The Roku Streaming Stick has some fun extras as well. Using the Roku app, you can use your smartphone’s keyboard to type out searches, or enter account information when channels require it, instead of using the painstaking method of hunting and clicking via the on-screen keyboard. For search, you can also use your device’s built-in mic and speak what you’re looking for. But easily the coolest feature on the new version of the Streaming Stick is the ability to do remote listening via the app.

At the bottom of the Remote interface is a headphone icon. Tap this once to stop the audio on your TV and start it on your phone or tablet. If you’ve got headphones connected, you’ll hear the audio through them, otherwise it will pump through the device’s built-in speaker. It even works when connected to a Bluetooth speaker. This feature has been available for a few years via the WiFi remote on the more expensive Roku 3, but having it available via the app on smart device is sheer genius. For those who share a bedroom, this feature alone could be worth the price of admission. Now if only Roku could figure out how to transmit all TV audio (not just Roku audio) this way!

Conclusion

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The Roku Streaming Stick is a $15 premium price-wise over the $45 Google Chromecast. For the extra cash, you get a physical remote that anyone sitting in front of the TV can use, plus you get that awesome remote listening feature which is unique to Roku.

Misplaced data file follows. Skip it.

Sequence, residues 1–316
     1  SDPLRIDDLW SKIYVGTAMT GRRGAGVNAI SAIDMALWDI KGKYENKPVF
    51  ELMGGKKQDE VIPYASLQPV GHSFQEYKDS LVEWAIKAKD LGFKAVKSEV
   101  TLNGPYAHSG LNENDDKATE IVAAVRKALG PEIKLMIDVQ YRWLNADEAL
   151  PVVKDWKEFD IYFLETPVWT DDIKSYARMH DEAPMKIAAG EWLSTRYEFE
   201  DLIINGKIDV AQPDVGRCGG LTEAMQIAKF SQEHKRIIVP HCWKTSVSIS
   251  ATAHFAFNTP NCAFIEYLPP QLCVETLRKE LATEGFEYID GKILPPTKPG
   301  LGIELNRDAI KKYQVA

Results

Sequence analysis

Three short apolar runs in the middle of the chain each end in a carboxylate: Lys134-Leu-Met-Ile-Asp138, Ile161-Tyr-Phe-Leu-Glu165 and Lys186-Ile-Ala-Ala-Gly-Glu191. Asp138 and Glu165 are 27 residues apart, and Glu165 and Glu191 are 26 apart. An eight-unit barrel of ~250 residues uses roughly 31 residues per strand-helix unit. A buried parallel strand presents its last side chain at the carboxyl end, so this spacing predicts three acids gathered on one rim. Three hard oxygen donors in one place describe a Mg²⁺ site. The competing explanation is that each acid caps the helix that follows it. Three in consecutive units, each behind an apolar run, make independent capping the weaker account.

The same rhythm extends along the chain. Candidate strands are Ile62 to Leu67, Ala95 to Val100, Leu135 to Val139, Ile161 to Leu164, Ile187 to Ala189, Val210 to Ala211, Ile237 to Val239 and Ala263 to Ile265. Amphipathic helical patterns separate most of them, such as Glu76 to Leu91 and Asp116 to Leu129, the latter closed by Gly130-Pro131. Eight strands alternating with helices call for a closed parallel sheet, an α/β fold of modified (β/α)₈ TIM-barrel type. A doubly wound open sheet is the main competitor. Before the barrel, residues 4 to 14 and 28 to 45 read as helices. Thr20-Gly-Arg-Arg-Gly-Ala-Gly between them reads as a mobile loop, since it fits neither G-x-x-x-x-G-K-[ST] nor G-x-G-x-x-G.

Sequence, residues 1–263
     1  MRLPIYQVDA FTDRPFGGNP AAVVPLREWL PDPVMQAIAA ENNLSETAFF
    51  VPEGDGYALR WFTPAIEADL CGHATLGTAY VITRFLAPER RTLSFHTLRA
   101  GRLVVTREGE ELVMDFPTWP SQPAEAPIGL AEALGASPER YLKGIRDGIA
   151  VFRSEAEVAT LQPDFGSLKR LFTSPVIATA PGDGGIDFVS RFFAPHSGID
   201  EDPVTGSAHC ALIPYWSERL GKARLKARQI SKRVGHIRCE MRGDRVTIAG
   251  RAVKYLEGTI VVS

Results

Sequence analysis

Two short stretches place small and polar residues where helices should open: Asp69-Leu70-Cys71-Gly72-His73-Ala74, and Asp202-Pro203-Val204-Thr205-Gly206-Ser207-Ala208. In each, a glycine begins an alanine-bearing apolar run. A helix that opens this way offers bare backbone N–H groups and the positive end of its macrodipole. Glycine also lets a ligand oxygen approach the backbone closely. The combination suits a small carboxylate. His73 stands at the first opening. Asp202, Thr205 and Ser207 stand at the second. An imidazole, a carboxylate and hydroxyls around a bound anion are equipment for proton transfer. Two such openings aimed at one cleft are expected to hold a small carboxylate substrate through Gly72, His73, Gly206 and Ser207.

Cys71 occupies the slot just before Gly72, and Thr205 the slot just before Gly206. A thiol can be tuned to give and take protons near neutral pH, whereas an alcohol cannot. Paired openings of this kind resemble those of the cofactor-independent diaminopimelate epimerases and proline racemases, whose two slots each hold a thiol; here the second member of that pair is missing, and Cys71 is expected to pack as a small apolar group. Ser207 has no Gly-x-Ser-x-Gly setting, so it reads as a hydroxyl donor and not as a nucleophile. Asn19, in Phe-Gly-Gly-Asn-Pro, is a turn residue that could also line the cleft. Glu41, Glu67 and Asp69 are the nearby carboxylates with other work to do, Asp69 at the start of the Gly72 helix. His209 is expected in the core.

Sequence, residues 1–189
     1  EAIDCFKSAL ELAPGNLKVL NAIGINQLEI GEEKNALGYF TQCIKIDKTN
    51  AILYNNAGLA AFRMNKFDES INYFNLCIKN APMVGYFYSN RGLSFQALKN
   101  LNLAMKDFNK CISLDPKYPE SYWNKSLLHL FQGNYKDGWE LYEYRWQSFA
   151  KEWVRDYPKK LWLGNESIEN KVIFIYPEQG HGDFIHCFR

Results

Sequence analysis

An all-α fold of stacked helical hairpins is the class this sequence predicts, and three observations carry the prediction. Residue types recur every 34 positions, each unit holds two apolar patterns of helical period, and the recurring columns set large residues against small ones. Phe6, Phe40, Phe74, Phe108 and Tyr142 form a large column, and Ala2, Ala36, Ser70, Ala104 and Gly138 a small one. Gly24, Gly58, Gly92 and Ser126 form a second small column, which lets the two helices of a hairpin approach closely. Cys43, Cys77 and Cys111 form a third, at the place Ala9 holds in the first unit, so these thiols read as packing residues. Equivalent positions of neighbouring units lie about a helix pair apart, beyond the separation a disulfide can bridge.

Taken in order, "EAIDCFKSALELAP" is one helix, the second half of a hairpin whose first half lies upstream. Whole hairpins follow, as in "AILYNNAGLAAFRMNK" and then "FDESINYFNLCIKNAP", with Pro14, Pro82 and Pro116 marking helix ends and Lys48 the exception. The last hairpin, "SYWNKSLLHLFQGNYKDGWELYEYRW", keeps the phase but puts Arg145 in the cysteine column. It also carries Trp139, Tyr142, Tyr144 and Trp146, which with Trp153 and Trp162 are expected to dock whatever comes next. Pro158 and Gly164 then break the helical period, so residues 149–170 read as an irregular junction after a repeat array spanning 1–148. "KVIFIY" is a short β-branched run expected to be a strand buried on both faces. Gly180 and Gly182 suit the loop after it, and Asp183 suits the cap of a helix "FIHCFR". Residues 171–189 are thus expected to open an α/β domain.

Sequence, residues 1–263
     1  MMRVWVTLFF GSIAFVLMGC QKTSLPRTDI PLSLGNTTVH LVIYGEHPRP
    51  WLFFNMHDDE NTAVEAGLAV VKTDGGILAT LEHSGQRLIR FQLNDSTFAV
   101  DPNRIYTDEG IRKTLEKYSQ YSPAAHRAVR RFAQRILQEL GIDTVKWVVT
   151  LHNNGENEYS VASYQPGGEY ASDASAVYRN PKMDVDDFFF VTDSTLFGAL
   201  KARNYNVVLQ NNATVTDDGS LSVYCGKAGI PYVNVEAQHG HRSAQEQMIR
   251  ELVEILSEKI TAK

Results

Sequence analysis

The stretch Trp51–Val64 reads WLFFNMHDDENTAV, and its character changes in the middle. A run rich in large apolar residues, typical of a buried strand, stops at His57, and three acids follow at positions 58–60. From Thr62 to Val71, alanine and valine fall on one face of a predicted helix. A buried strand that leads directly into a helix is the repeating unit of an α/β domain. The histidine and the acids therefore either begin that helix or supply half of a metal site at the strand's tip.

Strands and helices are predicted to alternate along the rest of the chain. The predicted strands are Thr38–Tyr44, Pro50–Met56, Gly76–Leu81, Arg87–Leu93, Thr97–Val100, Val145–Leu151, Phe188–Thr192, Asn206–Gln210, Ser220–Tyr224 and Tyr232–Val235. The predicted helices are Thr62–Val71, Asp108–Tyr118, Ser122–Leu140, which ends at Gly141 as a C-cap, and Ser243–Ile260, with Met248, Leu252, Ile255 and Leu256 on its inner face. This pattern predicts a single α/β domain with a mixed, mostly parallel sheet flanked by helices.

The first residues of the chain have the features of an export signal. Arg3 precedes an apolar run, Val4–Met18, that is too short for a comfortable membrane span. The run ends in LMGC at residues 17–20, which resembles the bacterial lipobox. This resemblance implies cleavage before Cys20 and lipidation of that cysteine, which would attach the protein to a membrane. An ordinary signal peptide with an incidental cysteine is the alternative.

We would argue that once you factor in those features, plus Roku’s excellent search functionality, the Roku is an superb buy even though it’s more expensive than the Chromecast.

However, if you’re considering buying either of these devices it’s because you want access to streaming content on your TV. And right now, there’s no denying that the Chromecast gives you greater access to the major providers of streaming content in Canada. Yes, this can and likely will change. But for the moment, if your goal is to use services like Shomi, CraveTV or various other non-Roku services so that you can cut the cord and save some money, Google’s Chromecast is the easiest, least expensive way to do it.

So instead of picking a winner in this head-to-head comparison, we’ll say this: Carefully consider your reasons for buying one of these devices and how you intend on using it. With any luck, one of them will meet more of your criteria than the other. Good luck, and happy streaming!